Upgrade to remove ads
English 3 Final Review
Terms in this set (56)
A large but gentle man with childlike mental capabilities. He can't control his strength.
Small, clever and loyal. He faces a cycle of repression common to all ranch workers.
An aging but hard worker. He lost his hand in an accident and fears for his future on the ranch
He is denigrated for his race and is physically isolated from the other men.
Nameless in the story. His lonely wife flirts for attention and is labeled a corrupting influence.
Setting Of Mice and Men
1930s in California, this story follows George and Lennie, migrant workers with differing mental and physical capabilities who form a strong bond.
George and Lennie's dream of owning their own land gives them hope, encouraging Candy and Crooks to enjoy.
The unlikely friendship between the two protagonists is at the heart of the novel, closely tied to themes such as compassion and responsibility.
The threat and reality of it haunts many of the characters and the sense of being outcasts shapes Crooks and Curley's wife.
The location of the first and last scenes; represents tranquility and marks the calm George chooses for Lennie's death.
Fixated on animals, Lennie's action are motivated by his desire to care for rabbits on the dream farm.
Author of "Of Mice and Men"
John Steinbeck, born in California, where Of Mice and Men is set.
Janie leaves Logan to marry ambitious store owner Joe, and together they build a successful community.
After Joe's death, Janie finds deep, thrilling love with a younger man called Tea Cake.
Janie and Tea Cake flee a hurricane, but when he's bitten by a rabid dog while saving her, she's forced to make a terrible choice.
Acquitted of murder after killing Tea Cake to save herself, she returns to her former home to peace.
Janie is raised by her grandmother, who convinces her to marry a farmer, Logan, at 16.
Janie searches for and finds her own voice of her own through relationships and change
Characters struggle to overcome emotions imposed by gender and race.
Janie's search for love occurs against a background of gender power relationships.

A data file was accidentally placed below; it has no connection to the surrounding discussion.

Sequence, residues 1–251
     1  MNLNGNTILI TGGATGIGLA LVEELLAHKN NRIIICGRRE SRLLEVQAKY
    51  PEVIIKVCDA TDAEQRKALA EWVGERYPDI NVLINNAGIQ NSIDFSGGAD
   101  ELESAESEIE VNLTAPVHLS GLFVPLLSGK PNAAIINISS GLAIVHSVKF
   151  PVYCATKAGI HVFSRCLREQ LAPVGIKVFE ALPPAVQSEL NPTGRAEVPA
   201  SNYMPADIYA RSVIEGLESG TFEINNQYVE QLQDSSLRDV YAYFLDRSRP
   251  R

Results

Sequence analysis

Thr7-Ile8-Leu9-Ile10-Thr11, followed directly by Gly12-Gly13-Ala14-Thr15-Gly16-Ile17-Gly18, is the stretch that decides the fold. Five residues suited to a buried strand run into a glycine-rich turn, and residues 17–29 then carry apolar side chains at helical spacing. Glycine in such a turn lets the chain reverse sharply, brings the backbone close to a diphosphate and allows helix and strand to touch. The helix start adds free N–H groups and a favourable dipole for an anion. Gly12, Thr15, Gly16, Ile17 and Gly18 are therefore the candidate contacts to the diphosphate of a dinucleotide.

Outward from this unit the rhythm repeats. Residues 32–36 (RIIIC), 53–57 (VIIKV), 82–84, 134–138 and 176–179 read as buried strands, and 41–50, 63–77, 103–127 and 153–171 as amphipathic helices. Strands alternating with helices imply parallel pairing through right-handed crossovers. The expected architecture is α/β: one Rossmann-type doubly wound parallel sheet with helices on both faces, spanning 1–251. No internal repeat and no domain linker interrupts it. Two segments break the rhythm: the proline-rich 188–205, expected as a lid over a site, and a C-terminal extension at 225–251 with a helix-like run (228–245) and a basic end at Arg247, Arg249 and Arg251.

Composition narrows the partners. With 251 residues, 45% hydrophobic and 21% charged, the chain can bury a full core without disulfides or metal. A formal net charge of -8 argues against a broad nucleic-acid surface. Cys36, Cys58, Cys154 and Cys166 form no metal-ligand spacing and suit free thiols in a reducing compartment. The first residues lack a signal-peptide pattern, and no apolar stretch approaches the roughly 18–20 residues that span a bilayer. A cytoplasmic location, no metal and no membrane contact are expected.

Author of Their Eyes Were Watching God
Zora Hurston, grew up in Eatonville, Florida, where Their Eyes Were Watching God was set.
African American woman seeking love and identity.
Hardworking farmer, first husband whom Janie is forced to marry.
Ambitious store owner and mayor; Janie's second husband.
Third husband with whom Janie finds love and partnership.
Janie's grandmother; formerly enslaved
Janie's closest friend, hears her life story
An item or person that is "out of place" in relation to
a time period. One type, parachronism, occurs when
an object from ages past is insertcd into a future time
frame. Example: In a certain short-short story, an aba-
cus is used in colnputer programming. A second type,
prochronism, occurs when an object from the present
or future appears in a historical setting. Example: In a
novel about World War I, soldiers would listen to iPods
in the trenches.
A short, wise saying that portrays a general truth or idea
held by many people. Example: "One man's meat is
another man's poison." Another example, from Nietz
-sche; "That which does not kill-us makes us stronger."
The use of an older or obsolete word or phrase that is
no longer or popular in the culture. Exam-
ple; "You bring me, tomorrow early, that file and them
vittles" (food). From Great Expectations by Charles
An overused and sometimes trite word or expression.
Example: When George ()twell coined the term "Big
Brother" in 1984, it was a new phase; however, people
now often use it to mean they are being watched.
An expression that people may use in casual conversa-
tions but whith is too informal or full of slang for prop-
er English. Example: "But any kid with brains knows